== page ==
proposal. Let's say a grandmother gives each of her four grandchildren
$10,000 on December 1st of this year. In a state with an average monthly
nursing home expense of $5,000, this will cause eight months of
ineligibility. Under current law, the penalty period begins on the date
of transfer, so the penalty period will commence on December 1st and
expire after eight months.
Lets assume that in one year, in December 2006,
the grandmother has a stroke and moves to a nursing home and that she
spends down her savings paying for her care over the following year.
This would mean that under current law, she would be eligible for
Medicaid on December 1, 2007.
But under the Houses proposal, if she applied for
Medicaid on that date, her eight-month penalty period would not begin
until then, leaving her ineligible for benefits for eight months. Who
would pay for her care during that time? Probably not the grandchildren,
who may have used the funds for their college tuition or for other
purposes. The answer is likely that it will be the nursing home that
will have to front the cost.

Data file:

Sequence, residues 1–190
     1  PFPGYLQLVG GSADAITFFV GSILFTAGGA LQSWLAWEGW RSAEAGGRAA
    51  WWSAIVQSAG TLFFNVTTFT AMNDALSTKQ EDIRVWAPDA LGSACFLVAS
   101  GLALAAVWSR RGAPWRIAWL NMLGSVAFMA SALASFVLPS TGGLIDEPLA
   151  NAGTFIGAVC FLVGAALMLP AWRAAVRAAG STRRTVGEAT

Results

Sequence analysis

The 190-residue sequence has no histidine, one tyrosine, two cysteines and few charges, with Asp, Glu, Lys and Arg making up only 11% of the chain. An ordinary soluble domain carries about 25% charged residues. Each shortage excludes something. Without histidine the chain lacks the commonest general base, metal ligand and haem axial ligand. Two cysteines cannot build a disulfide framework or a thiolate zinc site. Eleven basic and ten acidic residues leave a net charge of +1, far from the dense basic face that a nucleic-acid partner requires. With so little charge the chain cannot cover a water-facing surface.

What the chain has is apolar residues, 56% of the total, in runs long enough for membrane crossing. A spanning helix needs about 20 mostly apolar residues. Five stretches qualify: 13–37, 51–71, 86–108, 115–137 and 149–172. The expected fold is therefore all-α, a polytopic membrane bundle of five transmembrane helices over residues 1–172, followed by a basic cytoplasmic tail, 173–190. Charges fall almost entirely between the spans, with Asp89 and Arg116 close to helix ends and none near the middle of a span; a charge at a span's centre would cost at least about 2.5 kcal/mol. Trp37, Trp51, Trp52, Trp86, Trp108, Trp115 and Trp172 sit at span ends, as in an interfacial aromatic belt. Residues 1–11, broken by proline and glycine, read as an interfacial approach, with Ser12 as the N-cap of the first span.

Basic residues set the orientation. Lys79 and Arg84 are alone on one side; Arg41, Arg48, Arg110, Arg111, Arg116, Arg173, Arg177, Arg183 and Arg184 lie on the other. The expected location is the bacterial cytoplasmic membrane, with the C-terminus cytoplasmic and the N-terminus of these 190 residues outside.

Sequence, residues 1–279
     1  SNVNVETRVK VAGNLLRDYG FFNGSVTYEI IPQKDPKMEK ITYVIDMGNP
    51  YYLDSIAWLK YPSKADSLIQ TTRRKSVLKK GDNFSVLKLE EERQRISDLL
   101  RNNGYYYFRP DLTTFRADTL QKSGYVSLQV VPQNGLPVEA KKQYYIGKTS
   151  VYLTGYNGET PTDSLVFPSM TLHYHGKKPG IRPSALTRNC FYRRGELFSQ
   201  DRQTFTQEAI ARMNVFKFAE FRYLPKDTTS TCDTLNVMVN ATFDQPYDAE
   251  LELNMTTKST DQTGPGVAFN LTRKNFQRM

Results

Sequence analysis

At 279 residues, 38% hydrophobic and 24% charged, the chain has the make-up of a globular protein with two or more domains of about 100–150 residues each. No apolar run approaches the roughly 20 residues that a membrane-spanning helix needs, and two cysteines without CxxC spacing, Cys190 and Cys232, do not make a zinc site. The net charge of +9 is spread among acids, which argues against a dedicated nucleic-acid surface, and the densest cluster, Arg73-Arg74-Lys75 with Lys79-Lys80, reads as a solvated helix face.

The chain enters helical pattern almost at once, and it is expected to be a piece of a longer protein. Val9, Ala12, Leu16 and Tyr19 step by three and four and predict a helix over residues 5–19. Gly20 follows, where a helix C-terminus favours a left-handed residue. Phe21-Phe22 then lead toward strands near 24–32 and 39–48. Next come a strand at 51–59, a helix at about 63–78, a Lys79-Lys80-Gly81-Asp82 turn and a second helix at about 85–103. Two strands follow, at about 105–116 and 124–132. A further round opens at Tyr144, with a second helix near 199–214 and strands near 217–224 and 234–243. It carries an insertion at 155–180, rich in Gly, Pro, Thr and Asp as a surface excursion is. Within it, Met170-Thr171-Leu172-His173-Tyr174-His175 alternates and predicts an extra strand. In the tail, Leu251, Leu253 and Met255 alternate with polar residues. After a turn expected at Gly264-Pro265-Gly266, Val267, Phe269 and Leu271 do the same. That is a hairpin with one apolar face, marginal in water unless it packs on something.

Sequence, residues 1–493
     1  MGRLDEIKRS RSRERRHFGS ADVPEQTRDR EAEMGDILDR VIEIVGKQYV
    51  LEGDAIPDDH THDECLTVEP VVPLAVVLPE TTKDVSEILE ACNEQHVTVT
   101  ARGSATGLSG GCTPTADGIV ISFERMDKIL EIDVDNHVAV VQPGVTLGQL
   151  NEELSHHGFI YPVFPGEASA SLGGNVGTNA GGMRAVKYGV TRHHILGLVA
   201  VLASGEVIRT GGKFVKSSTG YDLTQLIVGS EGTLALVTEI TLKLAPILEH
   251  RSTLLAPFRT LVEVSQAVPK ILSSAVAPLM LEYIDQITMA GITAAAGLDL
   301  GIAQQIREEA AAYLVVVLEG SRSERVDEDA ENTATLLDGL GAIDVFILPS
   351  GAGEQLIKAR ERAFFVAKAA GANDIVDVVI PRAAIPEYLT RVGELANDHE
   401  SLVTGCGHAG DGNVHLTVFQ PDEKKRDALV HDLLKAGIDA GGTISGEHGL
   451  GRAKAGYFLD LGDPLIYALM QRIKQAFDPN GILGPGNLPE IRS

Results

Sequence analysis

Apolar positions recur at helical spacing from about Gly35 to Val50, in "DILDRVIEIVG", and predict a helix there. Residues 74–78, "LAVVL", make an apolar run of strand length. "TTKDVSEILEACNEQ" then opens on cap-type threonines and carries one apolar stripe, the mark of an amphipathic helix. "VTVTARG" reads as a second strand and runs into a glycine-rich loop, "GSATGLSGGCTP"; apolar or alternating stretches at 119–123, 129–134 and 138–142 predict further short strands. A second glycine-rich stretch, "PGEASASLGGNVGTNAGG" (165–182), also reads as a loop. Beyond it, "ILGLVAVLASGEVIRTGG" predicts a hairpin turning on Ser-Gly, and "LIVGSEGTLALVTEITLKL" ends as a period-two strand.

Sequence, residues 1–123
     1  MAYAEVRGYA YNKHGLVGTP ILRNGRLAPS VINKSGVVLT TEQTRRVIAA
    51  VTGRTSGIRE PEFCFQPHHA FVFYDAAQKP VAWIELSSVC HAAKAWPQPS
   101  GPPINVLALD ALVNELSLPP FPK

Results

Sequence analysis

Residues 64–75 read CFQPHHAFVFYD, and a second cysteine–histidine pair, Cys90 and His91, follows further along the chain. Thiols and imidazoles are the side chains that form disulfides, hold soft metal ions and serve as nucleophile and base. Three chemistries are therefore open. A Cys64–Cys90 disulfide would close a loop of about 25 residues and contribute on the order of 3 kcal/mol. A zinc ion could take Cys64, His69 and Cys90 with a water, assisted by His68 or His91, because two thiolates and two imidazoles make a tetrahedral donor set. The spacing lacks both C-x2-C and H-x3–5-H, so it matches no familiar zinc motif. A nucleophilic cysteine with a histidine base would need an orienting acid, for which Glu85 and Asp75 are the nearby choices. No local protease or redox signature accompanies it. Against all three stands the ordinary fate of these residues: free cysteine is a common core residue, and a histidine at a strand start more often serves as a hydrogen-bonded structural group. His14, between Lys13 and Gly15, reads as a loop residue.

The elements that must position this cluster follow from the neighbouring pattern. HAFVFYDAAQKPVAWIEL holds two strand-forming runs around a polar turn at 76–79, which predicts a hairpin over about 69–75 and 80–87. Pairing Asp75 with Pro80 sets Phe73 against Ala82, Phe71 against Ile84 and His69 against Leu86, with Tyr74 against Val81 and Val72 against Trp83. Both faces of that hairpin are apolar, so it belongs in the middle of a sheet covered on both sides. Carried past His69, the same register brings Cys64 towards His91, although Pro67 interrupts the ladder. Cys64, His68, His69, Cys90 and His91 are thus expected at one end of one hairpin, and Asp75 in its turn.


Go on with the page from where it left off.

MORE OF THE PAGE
The grandmother or her family could have avoided
this problem if they had applied for Medicaid on December 1, 2006, when
she entered the nursing home. Under the House proposal, this would have
triggered the penalty at that time. But because the initial application
would be denied, this would mean that two applications would have to be
filed instead of one, resulting in twice as much work for the family and
for the state Medicaid agency. (Actually, this would probably mean even
more than twice as many Medicaid applications since virtually everyone
would have to apply for Medicaid upon moving to a nursing home, many of
whom would pass away before becoming Medicaid-eligible. Under current
law, these individuals would never apply for Medicaid at all.)
The second harmful proposal in the House bill would
limit the equity in a home that may be protected to $750,000. Those with
homes of greater value would be ineligible for Medicaid coverage of
long-term care. The problem with this proposal is that it is
inequitable. In some parts of the country a $750,000 home is a mansion;
in others, modest homes have market values exceeding this amount.
The Senate bill makes appropriate changes to the
Medicaid eligibility rules that prevent practices seen as loopholes by
most observers. The House bill, on the other hand, intends to punish
seniors and their families. The irony is that the result will be that
the seniors most severely penalized will be those who dont avail
themselves of elder law counsel.
Created by a nationwide network of attorneys,
provides consumers with clear information on legal issues facing older
Americans. Consumers may find qualified elder law attorneys searchable
by state or telephone area code. The site offers primers on Medicaid,
Medicare, estate planning, long-term care planning, and more. Other
handy tools include calculators and checklists.